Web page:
+-----------------+--------+--------+
| :const:`u_inch` | user | inch |
+-----------------+--------+--------+
| :const:`u_pt` | user | points |
+-----------------+--------+--------+
| :const:`v_m` | visual | m |
+-----------------+--------+--------+
| :const:`v_cm` | visual | cm |
+-----------------+--------+--------+
| :const:`v_mm` | visual | mm |
+-----------------+--------+--------+
| :const:`v_inch` | visual | inch |
+-----------------+--------+--------+
| :const:`v_pt` | visual | points |
+-----------------+--------+--------+
| :const:`w_m` | width | m |
+-----------------+--------+--------+
| :const:`w_cm` | width | cm |
+-----------------+--------+--------+
| :const:`w_mm` | width | mm |
+-----------------+--------+--------+
| :const:`w_inch` | width | inch |
+-----------------+--------+--------+
| :const:`w_pt` | width | points |
+-----------------+--------+--------+
| :const:`x_m` | TeX | m |
+-----------------+--------+--------+
| :const:`x_cm` | TeX | cm |
+-----------------+--------+--------+
| :const:`x_mm` | TeX | mm |
+-----------------+--------+--------+
| :const:`x_inch` | TeX | inch |
+-----------------+--------+--------+
| :const:`x_pt` | TeX | points |
+-----------------+--------+--------+
Thus, in order to specify, e.g., a length of 5 width points, just use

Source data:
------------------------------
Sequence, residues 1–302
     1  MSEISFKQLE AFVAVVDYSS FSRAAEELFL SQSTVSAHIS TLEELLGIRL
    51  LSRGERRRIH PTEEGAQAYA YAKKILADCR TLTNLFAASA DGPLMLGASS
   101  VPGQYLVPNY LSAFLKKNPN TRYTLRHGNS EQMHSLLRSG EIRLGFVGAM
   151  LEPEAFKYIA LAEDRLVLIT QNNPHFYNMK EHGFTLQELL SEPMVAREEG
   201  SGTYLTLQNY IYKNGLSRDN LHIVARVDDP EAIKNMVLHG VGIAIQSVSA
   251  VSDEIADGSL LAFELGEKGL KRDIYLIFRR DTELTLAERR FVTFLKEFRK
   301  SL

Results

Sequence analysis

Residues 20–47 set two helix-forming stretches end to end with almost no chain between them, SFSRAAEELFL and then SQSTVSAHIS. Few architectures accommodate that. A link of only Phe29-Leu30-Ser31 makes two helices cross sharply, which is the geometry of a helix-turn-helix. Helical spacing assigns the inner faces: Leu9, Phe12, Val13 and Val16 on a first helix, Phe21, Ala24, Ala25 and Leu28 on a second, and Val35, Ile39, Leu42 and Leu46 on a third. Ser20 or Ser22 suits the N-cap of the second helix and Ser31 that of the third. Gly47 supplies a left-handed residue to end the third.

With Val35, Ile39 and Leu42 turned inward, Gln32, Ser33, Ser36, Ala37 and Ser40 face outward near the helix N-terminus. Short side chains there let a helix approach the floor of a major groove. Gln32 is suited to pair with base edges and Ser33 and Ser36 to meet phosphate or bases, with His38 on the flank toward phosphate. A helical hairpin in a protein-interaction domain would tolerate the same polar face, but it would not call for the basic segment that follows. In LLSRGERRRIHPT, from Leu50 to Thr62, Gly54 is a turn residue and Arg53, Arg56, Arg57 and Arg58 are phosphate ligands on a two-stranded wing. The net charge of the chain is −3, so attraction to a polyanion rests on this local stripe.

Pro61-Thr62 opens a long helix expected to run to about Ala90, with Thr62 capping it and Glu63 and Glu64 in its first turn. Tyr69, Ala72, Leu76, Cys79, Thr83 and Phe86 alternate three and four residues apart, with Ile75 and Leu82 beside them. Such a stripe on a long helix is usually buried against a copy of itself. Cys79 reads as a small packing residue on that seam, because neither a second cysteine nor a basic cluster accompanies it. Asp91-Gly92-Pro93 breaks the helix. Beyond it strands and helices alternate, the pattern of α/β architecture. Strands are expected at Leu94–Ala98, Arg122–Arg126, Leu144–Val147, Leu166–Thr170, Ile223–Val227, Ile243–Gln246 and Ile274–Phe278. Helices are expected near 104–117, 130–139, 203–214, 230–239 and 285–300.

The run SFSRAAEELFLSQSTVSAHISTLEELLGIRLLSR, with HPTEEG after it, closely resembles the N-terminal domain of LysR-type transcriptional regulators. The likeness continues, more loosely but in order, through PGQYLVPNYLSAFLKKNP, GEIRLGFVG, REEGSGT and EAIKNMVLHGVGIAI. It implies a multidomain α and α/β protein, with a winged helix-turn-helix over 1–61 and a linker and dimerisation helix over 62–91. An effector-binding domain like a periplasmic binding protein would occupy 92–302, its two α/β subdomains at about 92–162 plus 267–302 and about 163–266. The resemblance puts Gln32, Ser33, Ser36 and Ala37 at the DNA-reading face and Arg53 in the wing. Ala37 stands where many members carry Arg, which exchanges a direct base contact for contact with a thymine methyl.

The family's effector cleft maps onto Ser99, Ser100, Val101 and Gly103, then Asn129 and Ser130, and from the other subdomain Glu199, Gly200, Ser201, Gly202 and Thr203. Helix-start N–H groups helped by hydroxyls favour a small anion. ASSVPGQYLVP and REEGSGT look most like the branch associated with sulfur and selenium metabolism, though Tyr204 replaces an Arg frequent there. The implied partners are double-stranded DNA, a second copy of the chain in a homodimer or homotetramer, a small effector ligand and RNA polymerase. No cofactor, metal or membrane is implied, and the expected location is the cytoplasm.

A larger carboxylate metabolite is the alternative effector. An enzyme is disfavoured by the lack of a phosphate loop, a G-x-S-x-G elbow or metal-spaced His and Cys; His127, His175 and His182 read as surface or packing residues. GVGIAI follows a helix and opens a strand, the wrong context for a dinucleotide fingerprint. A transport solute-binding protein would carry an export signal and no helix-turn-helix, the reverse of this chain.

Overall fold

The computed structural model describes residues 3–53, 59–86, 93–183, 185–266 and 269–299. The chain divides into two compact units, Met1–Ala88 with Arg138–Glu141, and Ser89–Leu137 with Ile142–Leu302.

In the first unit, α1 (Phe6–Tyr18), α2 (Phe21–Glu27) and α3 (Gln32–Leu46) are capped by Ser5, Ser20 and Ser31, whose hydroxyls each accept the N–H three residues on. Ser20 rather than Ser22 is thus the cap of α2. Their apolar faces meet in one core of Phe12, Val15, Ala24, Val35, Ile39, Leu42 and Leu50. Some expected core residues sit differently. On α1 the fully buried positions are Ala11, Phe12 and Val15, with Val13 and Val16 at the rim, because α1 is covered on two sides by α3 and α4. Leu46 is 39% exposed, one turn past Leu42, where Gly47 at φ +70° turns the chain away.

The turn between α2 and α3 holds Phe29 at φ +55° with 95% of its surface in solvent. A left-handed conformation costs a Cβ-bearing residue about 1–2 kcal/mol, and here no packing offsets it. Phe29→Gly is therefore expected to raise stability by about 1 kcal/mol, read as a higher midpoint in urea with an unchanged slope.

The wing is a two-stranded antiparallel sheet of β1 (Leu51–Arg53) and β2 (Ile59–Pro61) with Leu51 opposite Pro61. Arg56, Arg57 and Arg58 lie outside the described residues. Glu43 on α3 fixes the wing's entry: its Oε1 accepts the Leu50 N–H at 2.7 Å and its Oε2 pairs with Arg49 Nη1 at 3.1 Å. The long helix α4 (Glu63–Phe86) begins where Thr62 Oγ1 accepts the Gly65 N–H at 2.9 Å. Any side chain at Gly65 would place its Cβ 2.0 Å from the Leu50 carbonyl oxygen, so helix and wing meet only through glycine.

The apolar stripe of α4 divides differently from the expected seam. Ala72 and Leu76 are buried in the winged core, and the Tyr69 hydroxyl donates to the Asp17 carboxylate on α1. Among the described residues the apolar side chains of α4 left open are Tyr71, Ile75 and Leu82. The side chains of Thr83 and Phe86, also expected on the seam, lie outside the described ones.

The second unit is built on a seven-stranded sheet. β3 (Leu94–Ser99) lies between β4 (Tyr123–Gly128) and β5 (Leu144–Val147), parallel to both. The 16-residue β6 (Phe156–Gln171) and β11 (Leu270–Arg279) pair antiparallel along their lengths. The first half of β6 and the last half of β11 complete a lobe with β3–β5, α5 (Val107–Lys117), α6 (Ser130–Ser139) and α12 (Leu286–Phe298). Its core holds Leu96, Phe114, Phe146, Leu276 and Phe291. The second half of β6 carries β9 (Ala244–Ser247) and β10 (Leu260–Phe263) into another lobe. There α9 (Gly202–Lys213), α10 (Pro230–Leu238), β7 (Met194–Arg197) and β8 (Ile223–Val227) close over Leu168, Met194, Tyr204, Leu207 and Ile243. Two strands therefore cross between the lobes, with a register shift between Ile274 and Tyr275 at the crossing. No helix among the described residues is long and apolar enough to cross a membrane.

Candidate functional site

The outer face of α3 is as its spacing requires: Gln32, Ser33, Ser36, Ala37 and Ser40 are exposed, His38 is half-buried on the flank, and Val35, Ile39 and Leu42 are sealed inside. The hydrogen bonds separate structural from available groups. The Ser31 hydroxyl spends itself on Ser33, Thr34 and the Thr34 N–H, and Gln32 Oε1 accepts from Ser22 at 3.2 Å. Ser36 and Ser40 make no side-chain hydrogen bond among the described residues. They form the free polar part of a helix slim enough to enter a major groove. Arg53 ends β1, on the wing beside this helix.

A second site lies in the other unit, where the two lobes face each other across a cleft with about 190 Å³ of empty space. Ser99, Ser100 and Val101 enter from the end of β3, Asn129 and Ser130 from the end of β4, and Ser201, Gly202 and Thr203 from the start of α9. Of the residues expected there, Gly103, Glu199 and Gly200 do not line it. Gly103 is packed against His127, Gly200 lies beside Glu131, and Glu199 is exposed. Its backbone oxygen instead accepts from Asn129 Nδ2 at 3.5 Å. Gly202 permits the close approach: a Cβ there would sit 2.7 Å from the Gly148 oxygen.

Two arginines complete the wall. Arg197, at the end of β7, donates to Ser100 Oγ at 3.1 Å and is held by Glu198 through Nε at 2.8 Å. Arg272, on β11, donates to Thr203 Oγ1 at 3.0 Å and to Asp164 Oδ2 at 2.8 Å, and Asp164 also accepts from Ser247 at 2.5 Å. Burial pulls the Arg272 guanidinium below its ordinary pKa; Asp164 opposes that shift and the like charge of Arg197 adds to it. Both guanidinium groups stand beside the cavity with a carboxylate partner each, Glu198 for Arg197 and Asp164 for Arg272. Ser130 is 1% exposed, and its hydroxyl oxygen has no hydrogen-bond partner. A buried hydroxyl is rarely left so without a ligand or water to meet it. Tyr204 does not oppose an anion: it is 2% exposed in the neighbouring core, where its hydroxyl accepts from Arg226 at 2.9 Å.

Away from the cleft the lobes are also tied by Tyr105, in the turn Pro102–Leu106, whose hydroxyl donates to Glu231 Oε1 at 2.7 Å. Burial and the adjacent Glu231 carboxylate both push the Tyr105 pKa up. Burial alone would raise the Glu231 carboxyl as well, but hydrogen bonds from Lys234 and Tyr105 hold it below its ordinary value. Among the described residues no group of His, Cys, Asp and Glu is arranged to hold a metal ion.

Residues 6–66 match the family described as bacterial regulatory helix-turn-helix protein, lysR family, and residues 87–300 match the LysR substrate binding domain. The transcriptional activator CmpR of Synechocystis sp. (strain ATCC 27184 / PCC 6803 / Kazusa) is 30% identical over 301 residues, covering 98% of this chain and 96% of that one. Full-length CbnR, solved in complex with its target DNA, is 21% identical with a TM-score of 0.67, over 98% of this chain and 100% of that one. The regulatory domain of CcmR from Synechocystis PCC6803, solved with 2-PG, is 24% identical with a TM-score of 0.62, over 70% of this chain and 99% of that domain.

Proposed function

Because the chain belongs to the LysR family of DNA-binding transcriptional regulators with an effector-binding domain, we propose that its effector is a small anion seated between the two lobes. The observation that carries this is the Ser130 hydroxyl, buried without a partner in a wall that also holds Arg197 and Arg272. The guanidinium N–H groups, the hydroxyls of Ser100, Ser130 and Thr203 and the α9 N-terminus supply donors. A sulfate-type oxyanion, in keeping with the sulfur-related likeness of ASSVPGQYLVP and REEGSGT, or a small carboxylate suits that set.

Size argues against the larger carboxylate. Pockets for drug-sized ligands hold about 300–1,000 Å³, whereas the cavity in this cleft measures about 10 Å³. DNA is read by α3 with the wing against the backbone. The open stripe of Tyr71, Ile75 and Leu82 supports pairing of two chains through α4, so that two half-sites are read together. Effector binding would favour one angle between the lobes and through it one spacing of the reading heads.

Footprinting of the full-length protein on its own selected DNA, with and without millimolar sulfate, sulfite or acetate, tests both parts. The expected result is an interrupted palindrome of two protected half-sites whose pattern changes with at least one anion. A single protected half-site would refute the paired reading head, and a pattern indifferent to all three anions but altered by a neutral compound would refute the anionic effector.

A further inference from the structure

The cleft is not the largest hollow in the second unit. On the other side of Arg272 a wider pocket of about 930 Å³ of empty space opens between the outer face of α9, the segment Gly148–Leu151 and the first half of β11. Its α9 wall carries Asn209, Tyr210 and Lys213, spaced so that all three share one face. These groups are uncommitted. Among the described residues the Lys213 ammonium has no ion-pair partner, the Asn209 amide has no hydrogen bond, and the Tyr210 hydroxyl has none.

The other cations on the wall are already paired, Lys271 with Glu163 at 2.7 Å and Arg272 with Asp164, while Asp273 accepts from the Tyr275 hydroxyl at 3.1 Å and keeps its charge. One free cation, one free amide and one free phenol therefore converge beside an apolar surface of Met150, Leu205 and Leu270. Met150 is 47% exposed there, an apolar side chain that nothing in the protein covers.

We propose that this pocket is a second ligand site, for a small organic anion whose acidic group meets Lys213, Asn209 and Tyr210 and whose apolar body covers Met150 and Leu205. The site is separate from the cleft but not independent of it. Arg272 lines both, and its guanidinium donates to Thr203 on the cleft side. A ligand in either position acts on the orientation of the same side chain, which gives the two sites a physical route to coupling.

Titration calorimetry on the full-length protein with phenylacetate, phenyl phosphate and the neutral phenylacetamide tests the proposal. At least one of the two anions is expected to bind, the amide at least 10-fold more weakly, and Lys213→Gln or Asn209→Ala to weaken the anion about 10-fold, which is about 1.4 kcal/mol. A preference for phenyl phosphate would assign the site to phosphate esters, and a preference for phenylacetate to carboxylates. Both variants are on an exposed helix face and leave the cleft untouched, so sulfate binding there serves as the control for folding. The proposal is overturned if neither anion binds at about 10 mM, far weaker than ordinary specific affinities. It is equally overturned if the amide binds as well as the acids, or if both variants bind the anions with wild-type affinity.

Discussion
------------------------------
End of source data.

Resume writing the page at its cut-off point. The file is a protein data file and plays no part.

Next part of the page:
``5*unit.w_pt``.
Conversion functions
====================
If you want to know the value of a PyX length in certain units, you may use the
predefined conversion functions which are given in the following table
+---------------+--------------------------+
| function | result |
+===============+==========================+
| ``tom(l)`` | ``l`` in units of m |
+---------------+--------------------------+
| ``tocm(l)`` | ``l`` in units of cm |
+---------------+--------------------------+
| ``tomm(l)`` | ``l`` in units of mm |
+---------------+--------------------------+
| ``toinch(l)`` | ``l`` in units of inch |
+---------------+--------------------------+
| ``topt(l)`` | ``l`` in units of points |
+---------------+--------------------------+
If ``l`` is not yet a ``length`` instance but a number, it first is interpreted
as a user length in the default units.